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carriejake
New Member

I received $13K in checks and $17K instock from a company that was sold - I did capital gains for stock, how is the checks treated?

 
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RichardG
New Member

I received $13K in checks and $17K instock from a company that was sold - I did capital gains for stock, how is the checks treated?

I assume this was a merger or buyout of the company you owned.  Assuming the value of the cash and stock received exceeds the value of the stock you surrendered in the transaction, the cash is treated as capital gain.

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6 Replies
TomYoung
Level 13

I received $13K in checks and $17K instock from a company that was sold - I did capital gains for stock, how is the checks treated?

TurboTaxRichardG, J.D., LL.M might have provided the correct answer, but that would be pure luck because there IS NO "generally correct" answer to a cash plus stock merger.  It depends entirely on how the deal was structured.  In order to answer the question the names of the companies involved need to be disclosed.
carriejake
New Member

I received $13K in checks and $17K instock from a company that was sold - I did capital gains for stock, how is the checks treated?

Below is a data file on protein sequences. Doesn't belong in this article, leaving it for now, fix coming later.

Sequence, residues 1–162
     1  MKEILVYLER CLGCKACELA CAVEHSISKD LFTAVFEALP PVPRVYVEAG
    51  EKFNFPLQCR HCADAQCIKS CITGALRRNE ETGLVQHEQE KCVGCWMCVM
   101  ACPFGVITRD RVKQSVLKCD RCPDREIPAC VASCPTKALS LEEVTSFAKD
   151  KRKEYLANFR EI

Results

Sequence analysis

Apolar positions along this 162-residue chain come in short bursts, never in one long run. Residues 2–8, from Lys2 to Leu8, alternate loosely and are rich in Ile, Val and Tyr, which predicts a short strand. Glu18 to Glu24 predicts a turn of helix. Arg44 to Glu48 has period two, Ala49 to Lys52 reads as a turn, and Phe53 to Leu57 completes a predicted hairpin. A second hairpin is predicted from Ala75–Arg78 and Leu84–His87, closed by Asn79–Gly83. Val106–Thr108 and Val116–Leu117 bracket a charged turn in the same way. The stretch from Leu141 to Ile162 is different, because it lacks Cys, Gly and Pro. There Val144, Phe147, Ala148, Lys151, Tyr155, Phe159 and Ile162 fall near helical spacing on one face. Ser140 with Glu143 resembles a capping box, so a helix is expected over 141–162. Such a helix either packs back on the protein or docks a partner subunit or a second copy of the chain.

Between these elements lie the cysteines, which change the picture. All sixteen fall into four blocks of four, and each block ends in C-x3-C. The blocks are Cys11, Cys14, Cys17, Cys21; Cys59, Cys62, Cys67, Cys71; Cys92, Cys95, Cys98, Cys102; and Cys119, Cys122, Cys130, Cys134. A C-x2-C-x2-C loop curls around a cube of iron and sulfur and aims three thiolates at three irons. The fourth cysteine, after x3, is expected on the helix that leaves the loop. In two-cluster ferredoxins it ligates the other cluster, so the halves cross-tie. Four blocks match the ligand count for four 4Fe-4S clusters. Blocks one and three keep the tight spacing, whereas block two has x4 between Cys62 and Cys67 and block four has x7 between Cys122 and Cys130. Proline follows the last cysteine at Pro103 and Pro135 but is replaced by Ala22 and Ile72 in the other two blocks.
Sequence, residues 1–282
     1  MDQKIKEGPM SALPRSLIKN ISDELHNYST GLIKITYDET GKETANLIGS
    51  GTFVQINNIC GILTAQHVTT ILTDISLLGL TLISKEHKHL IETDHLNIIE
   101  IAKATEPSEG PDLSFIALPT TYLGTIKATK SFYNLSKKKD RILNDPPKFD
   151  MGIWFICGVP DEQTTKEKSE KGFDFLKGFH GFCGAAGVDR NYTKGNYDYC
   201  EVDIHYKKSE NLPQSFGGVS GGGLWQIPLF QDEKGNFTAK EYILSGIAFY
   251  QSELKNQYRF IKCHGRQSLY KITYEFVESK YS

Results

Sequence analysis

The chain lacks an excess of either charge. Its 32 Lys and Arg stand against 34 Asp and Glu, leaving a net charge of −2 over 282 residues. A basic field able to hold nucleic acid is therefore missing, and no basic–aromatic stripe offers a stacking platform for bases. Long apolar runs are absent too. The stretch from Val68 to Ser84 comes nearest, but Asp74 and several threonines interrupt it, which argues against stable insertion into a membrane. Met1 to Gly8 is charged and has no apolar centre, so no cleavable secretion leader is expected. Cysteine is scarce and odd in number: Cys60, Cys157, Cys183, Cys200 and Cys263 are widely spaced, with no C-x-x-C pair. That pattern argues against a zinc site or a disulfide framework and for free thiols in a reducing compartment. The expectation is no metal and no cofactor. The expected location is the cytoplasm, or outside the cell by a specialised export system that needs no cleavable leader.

The companies involved were Shire PLC acquiring Baxalta.  Please let me know what you think.  Thanks for your help!
RichardG
New Member

I received $13K in checks and $17K instock from a company that was sold - I did capital gains for stock, how is the checks treated?

I assume this was a merger or buyout of the company you owned.  Assuming the value of the cash and stock received exceeds the value of the stock you surrendered in the transaction, the cash is treated as capital gain.

View solution in original post

TomYoung
Level 13

I received $13K in checks and $17K instock from a company that was sold - I did capital gains for stock, how is the checks treated?

I have addressed the Baxalta / Shire transaction here:

https://ttlc.intuit.com/questions/3814587-can-you-help-baxalta-shire-merger-cash-and-stock

The transaction is fully taxable and you use the sum of cash plus FMV of the stock as "proceeds" to determine your reportable gain or loss.  It's "as if" all the proceeds were paid to you in cash and then you used some of the cash to buy Shire stock.  Your basis in the Shire stock is the same as the stock's per share FMV used in the "proceeds" calculation and your holding period begins at that time. 

Tom Young
carriejake
New Member

I received $13K in checks and $17K instock from a company that was sold - I did capital gains for stock, how is the checks treated?

My wife had this stock purchased over 25 years ago in an employee stock plan.  Is there any way I can get a cost basis for the cash received?
TomYoung
Level 13

I received $13K in checks and $17K instock from a company that was sold - I did capital gains for stock, how is the checks treated?

I don't understand.  In your original post you said "I did capital gains for stock" so I assumed you knew the basis of the stock sold.  Is that not the case?  What did you mean by that statement?  

If you don't know the basis for stock purchased over 25 years ago through and employee stock plan - an ESPP? - it would be extremely difficult to come up with a reasonable basis at this point.  You can make some sort of estimate I suppose but it has to be one that the IRS will accept, if they ever ask.  Perhaps the 25-year ago numbers are small enough that $0 for the basis isn't too far off?
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